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Life in the Spirit
Life in the Spirit

The Spirit in Jesus

Tuesday, May 21, 2024

Religious historian Diana Butler Bass describes the intimate relationship between Jesus and the Spirit: 

The Spirit empowers Jesus to be continually present in the world, and, it must be admitted, the same Spirit has been fully at work since creation…. Indeed, God’s Spirit conceives Jesus, initiates his public ministry, and sustains his spiritual life. The Spirit is the driving force, the animating creative life of the entire cosmos, responsible, in particular, for the vision of those in human history most attuned to the heartbeat of God. Even the apostle Peter recognized this as he preached to the Gentiles: “You know … how God anointed Jesus of Nazareth with the Holy Spirit and with power; how he went about doing good and healing all who were oppressed … for God was with him” (Acts 10:36–38).  

To separate Jesus from the Spirit is nearly impossible. Jesus would not exist without the Spirit; Jesus would have been a humble tradesperson sans Spirit; Jesus would not be a continuing presence if not for the Spirit. Christian theology has typically privileged knowledge about Jesus as the way to know the Spirit, but the Christian life works the opposite way. We cannot know Jesus without the Spirit.  

In the scriptures, the Spirit is called the ruach, pneuma, and the shekhinah, the “wind,” the “breath,” and the “dwelling.” [1] Theologian Marjorie Suchocki refers to these as God’s power, wisdom, and presence. Those three things are the heart of redemption, of experiencing the full life God intends for all:  

God as presence answers alienation and loneliness with love; God as wisdom answers the loss of time with trust; God as power answers injustice with empowering hope. This vision of a redemptive God of presence, wisdom, and power comes from the biblical revelation of God’s presence in Jesus of Nazareth, named the Christ. [2]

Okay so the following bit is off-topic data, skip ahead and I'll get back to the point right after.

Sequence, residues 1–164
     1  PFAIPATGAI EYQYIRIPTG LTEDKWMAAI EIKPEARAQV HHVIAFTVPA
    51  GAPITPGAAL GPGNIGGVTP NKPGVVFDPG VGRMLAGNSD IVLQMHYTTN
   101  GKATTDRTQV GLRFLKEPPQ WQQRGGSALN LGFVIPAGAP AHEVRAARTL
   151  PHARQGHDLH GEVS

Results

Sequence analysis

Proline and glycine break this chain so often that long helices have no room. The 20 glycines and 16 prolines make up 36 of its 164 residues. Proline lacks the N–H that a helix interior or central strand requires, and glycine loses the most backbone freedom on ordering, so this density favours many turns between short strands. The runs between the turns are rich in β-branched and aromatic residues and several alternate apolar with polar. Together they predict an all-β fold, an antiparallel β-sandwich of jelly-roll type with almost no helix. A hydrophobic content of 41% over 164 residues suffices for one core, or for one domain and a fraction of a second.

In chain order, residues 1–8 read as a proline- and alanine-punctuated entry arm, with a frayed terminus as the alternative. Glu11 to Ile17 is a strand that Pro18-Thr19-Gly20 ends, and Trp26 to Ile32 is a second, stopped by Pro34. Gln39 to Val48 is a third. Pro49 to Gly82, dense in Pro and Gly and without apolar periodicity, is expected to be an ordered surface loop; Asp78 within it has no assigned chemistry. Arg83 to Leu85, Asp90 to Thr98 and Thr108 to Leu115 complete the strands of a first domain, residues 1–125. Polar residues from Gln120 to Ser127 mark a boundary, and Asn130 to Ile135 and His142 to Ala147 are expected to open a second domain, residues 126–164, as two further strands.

When Jesus is understood in relationship with Spirit as presence, wisdom, and power, we can experience Jesus as a dynamic figure, one related to God’s mysterious activity and one who dwells with us, always present.  

Butler Bass shares how Jesus’ Jewish followers might have understood his connection to the Spirit:  

Jesus, as a Jew, would have been familiar with the idea of shekhinah, the presence of God dwelling with the world. As Amy-Jill Levine says, “Judaism has the idea of the Shekinah, the feminine presence of God descending to earth and dwelling among human beings.” [3]…

Was that not how Jesus’s first followers experienced him?… As a person inhabited by shekhinah? That he somehow was the dwelling place of God, and that there was no real conflict in the mind of his brother and sister Jews between bearing the mystery of the sacred and being fully human? And if that is who he was, is that who he still is? The presence, the wisdom, the divine dwelling with us, the feminine spirit, here and now?  

[1] Michael E. Lodahl, Shekhinah/Spirit: Divine Presence in Jewish and Christian Religion (Mahwah, NJ: Paulist Press, 1992), 41–57.  

[2] Marjorie Hewitt Suchocki, God, Christ, Church: A Practical Guide to Process Theology, rev. ed. (New York: Crossroad, 1989), 87. 

[3] Amy-Jill Levine, “A Jewish Take on Jesus,” U.S. Catholic 77, no. 10 (October 2012): 20.  

Diana Butler Bass, Freeing Jesus: Rediscovering Jesus as Friend, Teacher, Savior, Lord, Way, and Presence (San Francisco, CA: HarperOne, 2021), 222–223, 224.  

Image credit and inspiration: Tim Zänkert, body of water (detail), 2017, photo, Unsplash. Click here to enlarge image. Like sunlight on water, we cannot grasp or clutch Spirit, but its beauty is with us all the same. 

Story from Our Community:  

I’m a marine biologist who retired from my work several years ago. For a long time, I sorely missed working with the salt and fish of the Suwannee Sound. I envied those young and fit enough to continue the work. At 81, I have realized that my life is not about net fishing or mending nets, it’s here at my farm observing the daily fluctuations of Nature. When I leave my farmhouse and look up into the trees or the sky and see the vultures, a neighborly owl, and several squirrels, I see the distant past. I see the Holy Spirit, and I see my true life.  
—Hedy H. 

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